Question put, That those words be there inserted:—

The Committee divided: Ayes 154, Noes 222.

Division No. 115.] AYES [5.15 p.m.
Ainsley, William Foot, Dingle (Ipswich) Lee, Frederick (Newton)
Allaun, Frank (Salford, E.) Foot, Michael (Ebbw Vale) Lever, L. M. (Ardwick)
Barnett, Guy Forman, J. C. Lewis, Arthur (West Ham, N.)
Beaney, Alan Fraser, Thomas (Hamilton) Mabon, Dr. J. Dickson
Bellenger, Rt. Hon. P. J. Galpern, Sir Myer McCann, John
Bence, Cyril George,LadyMeganLloyd(Crmrthn) MacColl, James
Bennett, J. (Glasgow, Bridgeton) Ginsburg, David McKay, John (Wallsend)
Benson, Sir George Gourlay, Harry McLeavy, Frank
Blyton, William Grey, Charles MacPherson, Malcolm (Stirling)
Boardman, H. Griffiths, Rt. Hon. James (Llanelly) Mallalieu, J.P.W. (Huddersfield, E.)
Bowden, Rt. Hn. H. W.(Leics, S.W.) Griffiths, W. (Exchange) Manuel, Archie
Bowles, Frank Gunter, Ray Mapp, Charles
Boyden, James Hamilton, William (West Fife) Marsh, Richard
Braddock, Mrs. E. M. Harper, Joseph Mayhew, Christopher
Bray, Dr. Jeremy Hart, Mrs. Judith Millan, Bruce
Broughton, Dr. A. D. D. Hayman, F. H. Mitchison, C. R.
Butler, Herbert (Hackney, C.) Healey, Denis Monslow, Walter
Carmichael, Nell Henderson, Rt Hn Arthur (Rwly Regis) Moody, A. S.
Chapman, Donald Herbison, Miss Margaret Morris, John
Cliffe, Michael Hilton, A. V. Moyle, Arthur
Collick, Percy Holman, Percy Mulley, Frederick
Corbet, Mrs. Freda Houghton, Douglas Noel-Baker,Rt.Hn.Philip(Derby, S.)
Crosland, Anthony Hoy, James H. Oliver, G. H.
Grossman, R. H. 8. Hughes, Emrys (S. Ayrshire) O'Malley, B. K.
Cullen, Mrs. Alice Hughes, Hector (Aberdeen, N.) Dram, A. E.
Darling, George Hunter, A. E, Paget, R. T.
Davies, G. Elfed (Rhondda, E.) Hynd, John (Attercilffe) Pannell, Charles (Leeds, W.)
Davies, Ifor (Gower) Irvine, A. J. (Edge Hill) Pargiter, G. A.
Davies, S. O. (Merthyr) Irving, Sydney (Dartford) Parkin, B. T.
Deer, George Jeger, George Paton, John
Dempsey, James Jenkins, Roy (Stechford) Pavitt, Laurence
Diamond, John Johnson, Carol (Lewisham, S.) Peart, Frederick
Dodds, Norman Jones, Dan (Burnley) Popplewell, Ernest
Donnelly, Desmond Jones, Elwyn (West Ham, S.) Prentice, R. E.
Driberg, Tom Jones, T. W. (Merioneth) Price, J. T. (Westhoughton)
Ede, Rt. Hon. C. Kelley, Richard Pursey, Cmdr. Harry
Edwards, Walter (Stepney) Kenyon, Clifford Reid, William
Fernyhough, E. King, Dr. Horace Reynolds, G. W.
Fitch, Alan Ledger, Ron Rhodes, H.
Roberts, Albert (Normanton) Spriggs, Leslie White, Mrs. Eirene
Roberts, Goronwy (Caernarvon) Steele, Thomas Whitlock, William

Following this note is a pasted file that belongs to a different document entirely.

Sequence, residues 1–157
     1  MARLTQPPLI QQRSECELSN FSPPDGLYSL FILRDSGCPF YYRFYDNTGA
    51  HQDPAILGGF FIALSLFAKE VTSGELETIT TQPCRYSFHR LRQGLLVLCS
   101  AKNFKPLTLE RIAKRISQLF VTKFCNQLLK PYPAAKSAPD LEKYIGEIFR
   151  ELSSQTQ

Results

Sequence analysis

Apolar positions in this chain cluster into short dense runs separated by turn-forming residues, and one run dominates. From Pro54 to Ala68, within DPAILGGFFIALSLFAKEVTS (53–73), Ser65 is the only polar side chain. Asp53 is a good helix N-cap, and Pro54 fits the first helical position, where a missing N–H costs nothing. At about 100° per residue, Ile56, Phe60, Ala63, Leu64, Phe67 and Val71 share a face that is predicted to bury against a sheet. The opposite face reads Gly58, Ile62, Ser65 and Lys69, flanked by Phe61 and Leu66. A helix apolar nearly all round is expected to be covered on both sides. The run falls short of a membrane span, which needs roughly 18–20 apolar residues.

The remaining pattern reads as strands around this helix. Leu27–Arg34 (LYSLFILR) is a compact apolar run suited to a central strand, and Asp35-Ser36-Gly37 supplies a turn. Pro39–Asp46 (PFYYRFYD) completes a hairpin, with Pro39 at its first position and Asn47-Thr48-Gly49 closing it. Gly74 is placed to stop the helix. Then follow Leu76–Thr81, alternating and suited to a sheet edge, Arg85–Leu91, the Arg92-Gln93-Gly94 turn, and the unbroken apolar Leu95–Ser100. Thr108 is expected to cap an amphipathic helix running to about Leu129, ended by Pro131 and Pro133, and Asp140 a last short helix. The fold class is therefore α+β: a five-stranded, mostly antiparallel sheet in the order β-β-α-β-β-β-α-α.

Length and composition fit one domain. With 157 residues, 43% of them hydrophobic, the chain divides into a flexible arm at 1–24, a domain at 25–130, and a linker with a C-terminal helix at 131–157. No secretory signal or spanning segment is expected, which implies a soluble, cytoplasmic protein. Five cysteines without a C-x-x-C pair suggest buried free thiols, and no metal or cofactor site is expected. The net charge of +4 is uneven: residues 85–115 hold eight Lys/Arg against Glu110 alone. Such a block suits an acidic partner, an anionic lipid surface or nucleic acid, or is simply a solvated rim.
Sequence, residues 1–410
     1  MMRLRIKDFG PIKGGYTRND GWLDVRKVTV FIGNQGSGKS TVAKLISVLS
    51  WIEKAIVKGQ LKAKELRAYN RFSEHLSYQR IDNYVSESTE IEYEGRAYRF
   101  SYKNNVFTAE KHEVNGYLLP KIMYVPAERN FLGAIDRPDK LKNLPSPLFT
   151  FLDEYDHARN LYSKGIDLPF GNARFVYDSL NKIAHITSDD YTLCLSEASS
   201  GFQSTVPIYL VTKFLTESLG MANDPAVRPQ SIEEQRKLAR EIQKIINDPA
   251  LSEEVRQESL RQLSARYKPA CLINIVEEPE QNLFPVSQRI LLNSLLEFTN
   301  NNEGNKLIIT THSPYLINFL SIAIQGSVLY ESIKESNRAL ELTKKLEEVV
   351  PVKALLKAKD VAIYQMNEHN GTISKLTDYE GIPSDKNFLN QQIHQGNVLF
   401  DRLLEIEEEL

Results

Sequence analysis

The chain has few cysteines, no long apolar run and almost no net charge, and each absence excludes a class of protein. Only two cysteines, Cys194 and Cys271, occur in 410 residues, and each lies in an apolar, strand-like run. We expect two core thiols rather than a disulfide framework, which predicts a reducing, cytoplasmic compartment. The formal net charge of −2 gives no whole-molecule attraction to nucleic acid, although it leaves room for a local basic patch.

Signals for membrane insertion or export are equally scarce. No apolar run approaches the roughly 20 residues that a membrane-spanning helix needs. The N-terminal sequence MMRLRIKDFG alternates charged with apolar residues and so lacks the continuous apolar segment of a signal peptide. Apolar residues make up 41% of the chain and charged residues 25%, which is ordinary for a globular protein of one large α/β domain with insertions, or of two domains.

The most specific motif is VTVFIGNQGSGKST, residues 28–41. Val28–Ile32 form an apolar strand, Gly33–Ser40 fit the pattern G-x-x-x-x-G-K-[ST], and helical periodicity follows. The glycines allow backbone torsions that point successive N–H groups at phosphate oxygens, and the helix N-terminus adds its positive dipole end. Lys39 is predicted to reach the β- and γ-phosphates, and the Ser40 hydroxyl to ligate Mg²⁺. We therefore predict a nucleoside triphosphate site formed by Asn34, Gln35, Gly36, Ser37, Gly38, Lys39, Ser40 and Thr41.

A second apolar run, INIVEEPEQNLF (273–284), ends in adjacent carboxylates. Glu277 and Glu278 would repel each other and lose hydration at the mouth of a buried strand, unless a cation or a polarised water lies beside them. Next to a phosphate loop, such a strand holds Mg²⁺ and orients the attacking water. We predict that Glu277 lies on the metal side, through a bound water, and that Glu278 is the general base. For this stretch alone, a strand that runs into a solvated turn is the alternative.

Robertson, John (Paisley) Stonehouse, John Wilkins, W. A.
Robinson, Kenneth (St. Pancras, N.) Stones, William Willey, Frederick
Rogers, G. H. R. (Kensington, N.) Strauss, At. Hn. G. R. (Vauxhall) Williams, LI. (Abertillery)
Ross, William Stross, Dr.Ba-nett(Stoke-on-Trent,C.) Williams, W. T. (Warrington)
Royle, Charles (Salford, West) Swingler, Stephen Willis, E. C. (Edinburgh, E.)
Shinwell, RI. Hon. E. Taverne, D. Wilson, At. Hon. Harold (Huyton)
Silverman, Julius (Aston) Thomas, torwerth (Rhondda, W.) Woof, Robert
Slater, Joseph (Sedgefield) Thornton, Ernest Yates, Victor (Ladywood)
Small, William Timmons, John Zilliacus, K.
Snow, Julian Warbey, William
Soskice, At. Hon. Slr Frank Weltzman, David TELLERS FOR THE AYES:
Mr. Lawson and Mr. Redhead,
Allan, Robert (Paddington, S.) Foster, John Marples, At. Hon. Ernest
Arbuthnot, John Freeth, Denzil Mathew, Robert (Honiton)
Ashton, Sir Hubert Gardner, Edward Matthews, Gordon (Meriden)
Atkins, Humphrey Gibson-Watt, David Maudling, At. Hon. Reginald
Awdry, Daniel (Chippenham) Gilmour, Ian (Norfolk, Central) Mawby, Ray
Balniel, Lord Glover, Sir Douglas Maxwell-Hyslop, R. J.
Barber, Anthony Glyn, Sir Richard (Dorset, N.) Maydon, Lt.-Cmdr. S. L. C.
Barlow, Sir John Green, Alan Miscampbell, Norman
Botsford, Brian Gresham Cooke, R. Montgomery, Fergus
Beamish, Col. Sir Tufton Grimond, Rt. Hon. J. More, Jasper (Ludlow)
Biffen, John Grosvenor, Lt.-Col. R. G. Morgan, William
Biggs-Davison, John Harris, Frederic (Croydon, N.W.) Morrison, John
Bingham, R. M. Harris, Reader (Heston) Mott-Radclyffe, Sir Charles
Birch, Rt. Hon. Nigel Harrison, Brian (Maldon) Neave, Airey
Bishop, F. P. Harvey, Sir Arthur Vere (Macclesf'd) Nicholson, Sir Godfrey
Black, Sir Cyril Harvle Anderson, Miss Nugent, Rt. Hon, Sir Richard
Bourne-Arton, A. Hastings, Stephen Oakshott, Sir Hendrie
Bowen, Roderic (Cardigan) Heald, Rt. Hon. Sir Lionel Orr, Capt. L. P. S.
Box, Donald Hendry, Forbes Osborn, John (Hallam)
Boyd-Carpenter, Rt. Hon. John Hiley, Joseph Page, Graham (Crosby)
Brewis, John Hill, Dr. Rt. Hon. Charles (Luton) Pannell, Norman (Kirkdale)
Bromley-Davenport,Lt.-Col.SirWalter Hill, Mrs. Eveline (Wythenshawe) Pearson, Frank (Clitheroe)
Brooman-White, R. Hill, J. E. B. (S. Norfolk) Peel, John